“Good ol' Bobby Ezell"
I manage to embarrass myself on average of twice a day. I might make it through 24 hours without messing up too badly, but I’ll double up the next day.
My earliest memory of embarrassment was when Dad made me sing Big John in front of all the kinfolk on Grandma’s porch in Bristow, Oklahoma. I don’t know how many times I sang that song on the trip up to Oklahoma, but it was a bunch. On the first night of the massive family’s get-together, Daddy said, “Hey, Mark, sing ‘Big John’ for us.”
I’ve told the story before, so you may know that it didn’t go well. I begged Dad not to make me sing, but it did no good. “You’ve been singing that stupid song for 500 miles, and you’re gonna sing it now.” It was the fastest singing of lyrics since the “Modern Major General” from “Pirates of Penzance.”
When I finished, I ran into the house and bawled. No idea why. Kids are just weird. Anyway, my Aunt Edna came in after a couple of minutes and gave me a big hug and 50 cents. She said it was for the good job I did on the song. From that day on, I became a professional singer. It was a short career The first and last time anyone ever paid me for singing.
Few are living who witnessed that moment on Grandma’s porch. Even though it was my first memory of embarrassment, I’d sure like going back in time and revisiting it. I would ham it up big time. I’d act out “Big John.” I think Dad might even give me a hug.
I told you all that to set the stage for my more recent embarrassing moment. It was during the play “Inherit the Wind” when I flubbed a line. Might’ve been a few people catch it because they had no script. They may have thought it part of the dialog for my character to ask another actor, “What am I trying to say, here?”
The important thing is, I lived through the experience and no one yelled at me. I did enough of that myself. I’ve dreamed of stuff like that happening, only I never recover. In my dreams, I’m on stage with no idea what any of my lines are. I don’t remember rehearsals or even agreeing to do the play. Dreams can really mess you up.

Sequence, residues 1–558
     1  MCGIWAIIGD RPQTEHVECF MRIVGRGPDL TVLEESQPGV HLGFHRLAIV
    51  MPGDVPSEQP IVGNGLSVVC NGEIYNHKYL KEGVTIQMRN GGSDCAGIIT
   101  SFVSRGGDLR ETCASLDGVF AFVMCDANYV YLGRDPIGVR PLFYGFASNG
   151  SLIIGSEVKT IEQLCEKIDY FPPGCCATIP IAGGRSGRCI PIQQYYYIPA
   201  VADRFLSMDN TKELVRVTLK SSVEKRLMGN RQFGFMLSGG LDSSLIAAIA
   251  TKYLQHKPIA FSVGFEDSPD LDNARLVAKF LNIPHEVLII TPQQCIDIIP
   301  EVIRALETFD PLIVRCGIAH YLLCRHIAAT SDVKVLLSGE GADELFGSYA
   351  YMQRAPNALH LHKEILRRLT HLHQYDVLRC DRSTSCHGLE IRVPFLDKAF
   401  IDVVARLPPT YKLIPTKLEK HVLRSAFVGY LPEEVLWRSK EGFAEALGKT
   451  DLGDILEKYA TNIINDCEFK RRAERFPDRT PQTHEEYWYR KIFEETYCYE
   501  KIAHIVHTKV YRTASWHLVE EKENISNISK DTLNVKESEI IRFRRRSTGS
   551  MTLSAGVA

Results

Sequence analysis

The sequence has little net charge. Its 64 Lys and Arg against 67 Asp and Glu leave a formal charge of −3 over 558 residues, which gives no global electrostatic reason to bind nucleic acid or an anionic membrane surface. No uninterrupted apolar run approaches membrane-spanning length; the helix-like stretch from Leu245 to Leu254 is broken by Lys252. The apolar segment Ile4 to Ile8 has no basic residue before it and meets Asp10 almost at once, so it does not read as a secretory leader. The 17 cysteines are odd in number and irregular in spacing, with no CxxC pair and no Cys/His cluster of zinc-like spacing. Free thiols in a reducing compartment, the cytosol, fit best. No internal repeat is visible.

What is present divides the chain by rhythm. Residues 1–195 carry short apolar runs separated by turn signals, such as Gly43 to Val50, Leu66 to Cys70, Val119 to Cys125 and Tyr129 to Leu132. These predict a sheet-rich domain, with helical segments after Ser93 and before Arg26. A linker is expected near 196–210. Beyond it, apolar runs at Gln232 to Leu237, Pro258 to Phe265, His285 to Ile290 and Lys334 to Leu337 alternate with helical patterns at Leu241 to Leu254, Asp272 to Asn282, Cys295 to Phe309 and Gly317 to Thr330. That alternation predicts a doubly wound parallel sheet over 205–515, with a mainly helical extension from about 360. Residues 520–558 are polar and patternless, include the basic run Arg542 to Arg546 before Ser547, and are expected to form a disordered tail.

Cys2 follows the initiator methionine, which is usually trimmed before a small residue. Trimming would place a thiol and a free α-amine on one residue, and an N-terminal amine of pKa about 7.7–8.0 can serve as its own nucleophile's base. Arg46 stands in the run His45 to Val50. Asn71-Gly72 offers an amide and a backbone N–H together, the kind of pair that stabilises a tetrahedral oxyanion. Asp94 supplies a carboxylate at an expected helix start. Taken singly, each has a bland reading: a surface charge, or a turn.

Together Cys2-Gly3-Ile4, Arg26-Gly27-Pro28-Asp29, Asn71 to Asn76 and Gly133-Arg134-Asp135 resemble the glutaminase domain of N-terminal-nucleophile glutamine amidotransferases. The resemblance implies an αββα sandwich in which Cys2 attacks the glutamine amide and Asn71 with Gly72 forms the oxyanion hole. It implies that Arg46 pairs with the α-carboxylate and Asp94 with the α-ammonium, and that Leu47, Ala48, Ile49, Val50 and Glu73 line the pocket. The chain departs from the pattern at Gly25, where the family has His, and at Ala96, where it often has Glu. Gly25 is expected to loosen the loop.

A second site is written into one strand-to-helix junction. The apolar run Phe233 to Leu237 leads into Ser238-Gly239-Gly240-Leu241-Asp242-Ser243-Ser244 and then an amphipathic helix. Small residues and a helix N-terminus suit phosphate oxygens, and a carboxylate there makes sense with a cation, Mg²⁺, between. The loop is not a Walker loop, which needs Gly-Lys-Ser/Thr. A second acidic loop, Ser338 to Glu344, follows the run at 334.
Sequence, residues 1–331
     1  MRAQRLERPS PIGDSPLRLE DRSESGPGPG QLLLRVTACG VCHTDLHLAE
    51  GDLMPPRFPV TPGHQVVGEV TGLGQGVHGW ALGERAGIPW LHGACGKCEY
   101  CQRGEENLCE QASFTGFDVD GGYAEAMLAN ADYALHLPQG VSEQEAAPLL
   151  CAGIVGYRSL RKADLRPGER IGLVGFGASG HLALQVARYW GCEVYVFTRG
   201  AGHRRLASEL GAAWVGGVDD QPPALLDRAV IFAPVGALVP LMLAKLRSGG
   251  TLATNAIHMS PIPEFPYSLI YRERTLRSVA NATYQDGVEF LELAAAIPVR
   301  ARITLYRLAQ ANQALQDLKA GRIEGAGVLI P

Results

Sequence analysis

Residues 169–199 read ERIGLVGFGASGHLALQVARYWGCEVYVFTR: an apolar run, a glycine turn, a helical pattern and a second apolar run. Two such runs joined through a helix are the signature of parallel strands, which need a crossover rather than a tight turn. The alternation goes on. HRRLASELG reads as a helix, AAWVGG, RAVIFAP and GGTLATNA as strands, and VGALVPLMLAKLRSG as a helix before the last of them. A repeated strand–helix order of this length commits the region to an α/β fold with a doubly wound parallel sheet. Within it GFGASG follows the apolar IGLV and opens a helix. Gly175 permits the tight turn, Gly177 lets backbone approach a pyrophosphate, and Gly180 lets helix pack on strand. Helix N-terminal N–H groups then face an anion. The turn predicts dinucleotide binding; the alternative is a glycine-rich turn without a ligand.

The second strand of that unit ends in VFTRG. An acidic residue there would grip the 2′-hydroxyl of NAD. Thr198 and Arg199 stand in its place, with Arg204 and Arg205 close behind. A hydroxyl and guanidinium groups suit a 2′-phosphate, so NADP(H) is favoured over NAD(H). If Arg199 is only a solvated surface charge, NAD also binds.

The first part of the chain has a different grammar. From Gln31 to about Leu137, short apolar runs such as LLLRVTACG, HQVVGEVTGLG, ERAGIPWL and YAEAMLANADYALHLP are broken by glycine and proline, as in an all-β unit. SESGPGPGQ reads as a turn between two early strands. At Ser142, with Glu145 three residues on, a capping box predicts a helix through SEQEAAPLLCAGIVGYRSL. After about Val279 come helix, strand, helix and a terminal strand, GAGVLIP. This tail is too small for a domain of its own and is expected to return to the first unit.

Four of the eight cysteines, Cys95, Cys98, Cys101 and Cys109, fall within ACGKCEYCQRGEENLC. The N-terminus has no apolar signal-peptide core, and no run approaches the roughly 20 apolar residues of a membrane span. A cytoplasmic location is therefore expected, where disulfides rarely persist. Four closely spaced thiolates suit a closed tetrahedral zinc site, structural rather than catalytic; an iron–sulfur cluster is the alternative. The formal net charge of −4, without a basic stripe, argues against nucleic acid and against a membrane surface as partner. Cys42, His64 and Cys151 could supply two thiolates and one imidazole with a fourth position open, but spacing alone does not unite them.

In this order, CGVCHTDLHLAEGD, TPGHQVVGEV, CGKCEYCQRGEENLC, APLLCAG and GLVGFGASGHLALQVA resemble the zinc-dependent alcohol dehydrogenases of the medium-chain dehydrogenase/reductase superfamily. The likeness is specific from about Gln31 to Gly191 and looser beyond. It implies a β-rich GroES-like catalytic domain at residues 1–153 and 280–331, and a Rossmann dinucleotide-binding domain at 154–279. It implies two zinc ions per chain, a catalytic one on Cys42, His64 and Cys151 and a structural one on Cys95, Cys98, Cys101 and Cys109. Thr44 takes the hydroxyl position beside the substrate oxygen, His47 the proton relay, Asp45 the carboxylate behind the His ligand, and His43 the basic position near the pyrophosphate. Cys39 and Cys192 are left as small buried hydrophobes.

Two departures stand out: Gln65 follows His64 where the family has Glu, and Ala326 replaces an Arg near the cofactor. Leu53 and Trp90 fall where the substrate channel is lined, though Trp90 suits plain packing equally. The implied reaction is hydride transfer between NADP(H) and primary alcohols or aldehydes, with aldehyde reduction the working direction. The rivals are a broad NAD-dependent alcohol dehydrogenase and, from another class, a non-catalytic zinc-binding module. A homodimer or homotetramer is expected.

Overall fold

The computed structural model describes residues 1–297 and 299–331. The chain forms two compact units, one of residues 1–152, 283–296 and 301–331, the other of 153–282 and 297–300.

Fortunately, the one lapse at the Owens Theatre was the worst of it. It scared the willies out of me and made me feel terrible, but, like I said, I survived. After the curtain call, the cast formed a line to go out the side door to greet our audience. Before I made it to the exit, up stepped Aunt Edna. Only it wasn’t her, ‘cause she’s dead. Taking Aunt Edna’s role this night was my dear teaching buddy, Bobby Ezell. I hadn’t seen him in ages, but out of the blue he chose that particular night to show up.
And, why is that important? I’ve been blessed in knowing two people with calming spirits. Kay’s Dad, whom I called Uncle Ray, and my ol’ friend Bobby Ezell. Just being in Bob’s presence will put you at ease. If I’m near the guy I just instantly sense that everything is as it should be. He doesn’t even have to say anything. There’s just something about him that directs me to peace and calm. Just like Uncle Ray.
I remember at Oak Ridge High School when I had a bad experience at a parent conference. It was one of two times I ever told a parent what I actually thought was wrong with their child. I was an idiot. The counselor and principal were not pleased with my attitude, so I left the office feeling really upset about people, life and teaching.
As I made my way back to my classroom, I passed Bobby Ezell’s room and saw a poster that read “Don’t take yourself so serious.” As tense and angry as I was, I instantly took an exaggerated emotional leap the other way.
The sense of calm was due partly to the words on the poster, but mostly to the fact that Bobby Ezell had posted it. It’s like the peacemaker himself was saying the words.
And, on that night at the Owens Theatre in Conroe, there was Bobby hugging me and congratulating me. “But, I really messed up with—“ He completely ignored everything I tried to tell him. I was once again in the presence of peace. Sure I was still embarrassed, but things are better now. ‘
The fact that friends and those with caring hearts end up in certain places at particular times is not by chance. That’s my belief. Uncle Ray always seemed to be around when I needed him most. Aunt Edna had the face of love that evening in Bristow.
And, Bobby Ezell? Well, he showed up as if summoned to help an old friend. And, it wasn’t his first time… hopefully not his last.